Give this method a chance, it might just change the way you see cabbage forever.

Get yourself one medium savoy cabbage and remove the tougher, dark green outer leaves. Half the head and remove the inner most core with a sharp knife. Eat that raw, it's crunchy and delicious. Divide each half in two and chop roughly. 

Melt 100g of unsalted butter in a deep sided saute pan with a lid. When solid has become liquid, but before any sign of browning, drop in your cabbage and toss in the butter. Season well with sea salt and ground white pepper before adding a splash of hot water. Cover the pan and leave on a low heat, moving the cabbage around periodically. 

It really depends on the freshness of the cabbage so taste after thirty minutes, though it could take up to forty five. It should be sweet, buttery and full of strong, irony cabbage goodness. 

I love serving this with a thick pork chop or tossed with crisp pancetta, taleggio and farfalle.

9 January 2014

Long time, no speak

I last blogged in April. Why? I'm not totally sure. The arrival of our first child, as well as our third house move in four years threw me. With so much to do each day, something had to give. Being as writing a blog is a pretty vain, time consuming thing to do, it had to go. I thought I might only write one a month but when I drafted out a blog on my excitement at the coming of spring,

"Has the arrival of spring ever been more glorious than this one? After what seemed like eternal darkness, cold and snow, the first few shafts of light have finally begun to burst through the leaden sky. But after such incredible harshness many questions are being asked. Will the asparagus have survived? Will we get broad beans and peas this year? How will the Welsh hill farmers, who suffered twenty foot snow drifts, bounce back from a crisis that seems to have outdone foot and mouth. Now more than ever our local producers need our support.

For a while, I thought I was doomed to an eternity of cabbage and..."

14 April 2013

Chicken necks, bacon fat

I fear this is a blog post that you will either love or hate. In the same way people can't bring themselves to eat liver or heart, to some, the idea of eating a neck is incomprehensible. But I ask, what is the difference between a neck and a shoulder? Or a leg? And what could be nicer than a braise of lambs neck? If you put silly squeamishness behind you, a whole world of intriguing tastes and textures awaits you.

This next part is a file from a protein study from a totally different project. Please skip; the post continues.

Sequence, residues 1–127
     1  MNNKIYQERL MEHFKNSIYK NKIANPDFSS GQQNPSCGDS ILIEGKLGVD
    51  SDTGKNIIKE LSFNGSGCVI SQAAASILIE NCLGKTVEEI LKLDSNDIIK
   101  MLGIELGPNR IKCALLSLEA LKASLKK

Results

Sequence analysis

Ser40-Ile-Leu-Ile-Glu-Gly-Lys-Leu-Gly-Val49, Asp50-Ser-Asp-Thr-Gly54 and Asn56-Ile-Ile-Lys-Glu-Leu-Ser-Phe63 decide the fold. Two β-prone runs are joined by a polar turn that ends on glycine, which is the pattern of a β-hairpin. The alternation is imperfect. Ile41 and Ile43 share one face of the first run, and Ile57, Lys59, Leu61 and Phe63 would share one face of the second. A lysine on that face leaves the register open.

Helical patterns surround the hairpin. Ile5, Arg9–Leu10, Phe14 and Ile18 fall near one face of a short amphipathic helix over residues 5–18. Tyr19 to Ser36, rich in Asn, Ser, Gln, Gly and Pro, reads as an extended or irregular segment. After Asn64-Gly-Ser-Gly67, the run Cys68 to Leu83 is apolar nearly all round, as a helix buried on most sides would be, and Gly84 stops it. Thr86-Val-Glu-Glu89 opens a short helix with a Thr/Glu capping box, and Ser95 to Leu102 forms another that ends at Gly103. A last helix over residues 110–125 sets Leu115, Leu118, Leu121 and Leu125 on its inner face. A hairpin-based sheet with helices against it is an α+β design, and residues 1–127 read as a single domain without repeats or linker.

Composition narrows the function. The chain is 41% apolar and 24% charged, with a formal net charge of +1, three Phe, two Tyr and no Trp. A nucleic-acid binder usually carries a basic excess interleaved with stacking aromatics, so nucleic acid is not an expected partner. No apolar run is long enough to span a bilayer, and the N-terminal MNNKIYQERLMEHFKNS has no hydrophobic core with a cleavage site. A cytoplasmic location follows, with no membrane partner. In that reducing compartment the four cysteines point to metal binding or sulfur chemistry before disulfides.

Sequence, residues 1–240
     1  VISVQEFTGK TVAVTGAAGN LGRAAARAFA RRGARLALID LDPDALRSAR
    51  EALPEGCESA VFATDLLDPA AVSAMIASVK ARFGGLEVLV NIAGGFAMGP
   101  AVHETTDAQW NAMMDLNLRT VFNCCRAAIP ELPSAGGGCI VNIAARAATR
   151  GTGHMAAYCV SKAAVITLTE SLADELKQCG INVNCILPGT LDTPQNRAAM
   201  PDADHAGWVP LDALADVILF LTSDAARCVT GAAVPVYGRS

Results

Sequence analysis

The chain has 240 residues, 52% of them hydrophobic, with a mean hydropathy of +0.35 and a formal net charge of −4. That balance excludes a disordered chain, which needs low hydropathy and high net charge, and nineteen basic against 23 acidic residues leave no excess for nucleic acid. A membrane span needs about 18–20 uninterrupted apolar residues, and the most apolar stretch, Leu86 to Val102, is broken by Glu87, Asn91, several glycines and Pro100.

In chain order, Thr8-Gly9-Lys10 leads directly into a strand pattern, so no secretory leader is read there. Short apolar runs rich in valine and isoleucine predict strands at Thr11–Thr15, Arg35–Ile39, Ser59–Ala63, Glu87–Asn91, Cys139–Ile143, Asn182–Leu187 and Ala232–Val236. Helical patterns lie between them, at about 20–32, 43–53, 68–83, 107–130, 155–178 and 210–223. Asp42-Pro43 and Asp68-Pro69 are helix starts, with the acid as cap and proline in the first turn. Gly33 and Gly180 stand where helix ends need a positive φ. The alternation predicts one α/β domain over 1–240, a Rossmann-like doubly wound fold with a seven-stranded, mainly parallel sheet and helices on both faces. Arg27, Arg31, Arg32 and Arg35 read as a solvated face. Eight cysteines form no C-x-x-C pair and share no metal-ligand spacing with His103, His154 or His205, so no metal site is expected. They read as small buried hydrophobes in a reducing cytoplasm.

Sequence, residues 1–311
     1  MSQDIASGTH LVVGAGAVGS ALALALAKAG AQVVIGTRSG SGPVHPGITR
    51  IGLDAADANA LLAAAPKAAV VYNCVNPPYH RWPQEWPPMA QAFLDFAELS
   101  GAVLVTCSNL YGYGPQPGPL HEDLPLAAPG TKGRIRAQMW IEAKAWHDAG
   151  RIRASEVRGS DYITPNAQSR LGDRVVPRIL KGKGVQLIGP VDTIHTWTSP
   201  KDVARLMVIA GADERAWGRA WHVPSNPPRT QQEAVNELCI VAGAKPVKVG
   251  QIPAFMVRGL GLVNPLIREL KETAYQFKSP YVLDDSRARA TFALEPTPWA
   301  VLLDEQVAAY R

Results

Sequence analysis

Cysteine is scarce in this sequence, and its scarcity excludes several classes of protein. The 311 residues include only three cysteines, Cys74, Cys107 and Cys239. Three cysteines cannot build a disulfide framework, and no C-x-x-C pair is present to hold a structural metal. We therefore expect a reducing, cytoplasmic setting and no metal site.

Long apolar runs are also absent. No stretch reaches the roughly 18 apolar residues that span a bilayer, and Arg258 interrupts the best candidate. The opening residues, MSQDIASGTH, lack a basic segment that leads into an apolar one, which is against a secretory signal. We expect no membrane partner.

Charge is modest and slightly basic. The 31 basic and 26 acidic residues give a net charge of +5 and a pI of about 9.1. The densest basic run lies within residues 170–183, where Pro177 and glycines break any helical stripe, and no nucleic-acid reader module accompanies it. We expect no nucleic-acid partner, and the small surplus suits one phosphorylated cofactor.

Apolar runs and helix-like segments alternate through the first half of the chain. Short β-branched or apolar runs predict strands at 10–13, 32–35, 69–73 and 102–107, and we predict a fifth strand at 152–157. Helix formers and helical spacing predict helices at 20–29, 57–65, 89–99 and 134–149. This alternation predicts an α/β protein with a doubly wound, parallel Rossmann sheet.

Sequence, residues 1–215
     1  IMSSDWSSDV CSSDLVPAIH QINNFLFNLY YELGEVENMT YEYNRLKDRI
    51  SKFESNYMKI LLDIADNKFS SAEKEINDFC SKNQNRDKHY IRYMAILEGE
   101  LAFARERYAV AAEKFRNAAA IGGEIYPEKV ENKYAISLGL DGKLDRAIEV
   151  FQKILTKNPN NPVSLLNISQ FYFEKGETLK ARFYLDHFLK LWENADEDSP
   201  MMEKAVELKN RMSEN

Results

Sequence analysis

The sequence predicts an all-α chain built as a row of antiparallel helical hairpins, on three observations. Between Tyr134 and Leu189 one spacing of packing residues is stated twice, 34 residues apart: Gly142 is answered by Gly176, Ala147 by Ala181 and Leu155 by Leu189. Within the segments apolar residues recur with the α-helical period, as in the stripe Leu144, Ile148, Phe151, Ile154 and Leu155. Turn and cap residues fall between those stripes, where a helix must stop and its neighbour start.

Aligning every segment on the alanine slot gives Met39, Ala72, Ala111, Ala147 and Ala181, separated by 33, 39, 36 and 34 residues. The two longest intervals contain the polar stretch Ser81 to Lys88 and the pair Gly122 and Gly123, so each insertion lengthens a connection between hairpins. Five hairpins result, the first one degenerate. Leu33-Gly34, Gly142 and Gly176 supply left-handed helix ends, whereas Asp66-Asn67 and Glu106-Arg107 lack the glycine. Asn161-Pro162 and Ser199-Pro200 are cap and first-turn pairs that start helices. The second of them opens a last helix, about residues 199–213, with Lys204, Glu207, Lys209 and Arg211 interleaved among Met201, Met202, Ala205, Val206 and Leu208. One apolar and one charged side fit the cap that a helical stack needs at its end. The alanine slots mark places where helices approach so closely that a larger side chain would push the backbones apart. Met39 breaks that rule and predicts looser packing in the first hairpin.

21 March 2013

Macarons & More. Norwich

I first came across Tim Kinnaird and his macarons, at Creake Abbey farmers market. After a brief chat with the amiable Mr Kinnaird (one of the great things about farmers markets), my wife and I purchased some of his wares. The chocolate brownie was great but the macarons were exceptional. They make for  a wonderfully delicate treat. Crisp yet yielding meringue, sandwiching a soft almond based filling. The flavours range from the slightly obscure green tea, to comforting creme brulee. We were instantly hooked and have bought them when ever we come across some. So imagine my delight when I found out the first shop was to open in Norwich.

12 March 2013

Spiced Cauliflower

Is there anything more depressing to see on your plate, than some plain, over cooked, wishy washy cauliflower? The sort of gormless vegetable I was routinely forced to eat in the school canteen. They were water logged, mushy and smelt obnoxiously sulphurous. But cauliflower can be so much more. Who doesn't love cauliflower cheese? Swaddled in a rich, cheesy bechamel, then baked until crisp and brown, the humble cauliflower is transformed into a classic comforting side dish or meal.